DINING: Chancy upgrade at IUPUI eatery

August 21, 2010

Call me lazy, but most of the restaurants on my regular lunch rotation are within walking distance of IBJ’s downtown offices. If I drive anywhere, it’s usually to meet a friend somewhere with ample, free parking. But when Chancellor’s Restaurant (850 W. Michigan St., 231-5257) came up during a recent conversation about good local eateries, I decided to break with tradition and give it a go.

Located inside the University Place conference center on the IUPUI campus, Chancellor’s has high aspirations, with a seasonal, locally sourced menu clearly designed to appeal more to diners on an expense account than college students on a budget. Its $12 burger features Kobe beef, for example, and is topped with caramelized onions and mushrooms and a blue cheese aioli. The entrees are even more inventive.

Chancellor's pike dish Chancellor’s Great Lake Walleye Pike shows a commitment to regional ingredients. (IBJ Photo/ Perry Reichanadter)

We showed up for lunch to find the dining room about three-quarters full, which we took as a good sign. Turns out Chancellor’s may be a victim of its own success. The staff was overwhelmed. Tables sat covered with dirty dishes. The manager started serving customers. We never got the basket of flatbread we saw on every other table. Our glasses sat empty for most of the meal. In fact, after ordering our drinks, we didn’t see our server again until he delivered the bill—which eventually was discounted 20 percent to acknowledge the slow service.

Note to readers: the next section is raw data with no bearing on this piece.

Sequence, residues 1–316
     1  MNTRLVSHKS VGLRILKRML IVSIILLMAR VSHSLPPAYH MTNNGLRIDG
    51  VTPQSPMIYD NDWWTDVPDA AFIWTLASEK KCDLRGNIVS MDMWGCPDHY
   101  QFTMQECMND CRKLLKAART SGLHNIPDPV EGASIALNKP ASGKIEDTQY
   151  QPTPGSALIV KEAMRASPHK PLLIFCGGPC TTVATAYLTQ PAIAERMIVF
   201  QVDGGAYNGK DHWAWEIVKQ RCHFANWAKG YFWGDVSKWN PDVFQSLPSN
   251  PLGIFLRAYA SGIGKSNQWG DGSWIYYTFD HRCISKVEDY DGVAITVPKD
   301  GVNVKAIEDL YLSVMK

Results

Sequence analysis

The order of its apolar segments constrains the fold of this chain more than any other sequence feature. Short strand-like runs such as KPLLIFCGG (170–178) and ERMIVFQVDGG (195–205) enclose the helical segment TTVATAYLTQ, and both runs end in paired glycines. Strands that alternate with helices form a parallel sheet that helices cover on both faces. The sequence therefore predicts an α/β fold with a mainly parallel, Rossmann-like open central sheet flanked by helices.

But there was a bright side: the food. Well, most of it, anyway.

We started with the Chicken Tostados ($7.50), billed as blackened chicken, onion, jalapenos and a tomato corn black bean relish on top of crispy tortilla chips. It took longer to describe it than to eat the measly five chips (yeah, that comes out to $1.50 per chip) and fairly bland topping.

Our entrees were more successful. My companion ordered off the special eat-local menu, which included four dishes and information about where the key ingredients originated. He chose the Great Lakes Walleye Pike ($11) from Chicago, which we decided was about as local as walleye gets. The fish was pan-fried and served atop a mound of black and white quinoa (keen-wah), a protein-rich grain with a slight nutty flavor that’s gaining popularity. Grilled summer squash and a green tomato and sweet corn salsa provided a nice contrast in taste and texture.

Fresh from the pork-o-rama at the Indiana State Fair, I opted for the Cuban Sandwich ($11). It was a standard Cuban: thin-sliced ham, roasted pork loin, Swiss cheese, mustard and pickle served on a pressed roll. But the pork was juicy enough—and the mustard ample enough—to avoid the dryness that can kill an otherwise tasty sandwich. The side of uber-thick fries was just OK.

Before we ordered, I was leaning toward finishing up with the Indiana Peach and Blackberry Crisp ($6) from the eat-local menu—it features Traders Point ice cream, so how could it go wrong? But by the time we finished eating, we’d waited so long for refills and some ketchup (which never arrived) that we just wanted to escape.

Although the manager apologized and gave us the discount—and validated our $9 parking garage ticket—we couldn’t help thinking what a shame it was for solid kitchen work to be tainted by front-of-the-house issues. Fact is, it doesn’t matter how good the food is if customers leave with a bad taste in their mouths.•


Fourth in a month-long series of reviews of possessive restaurants.


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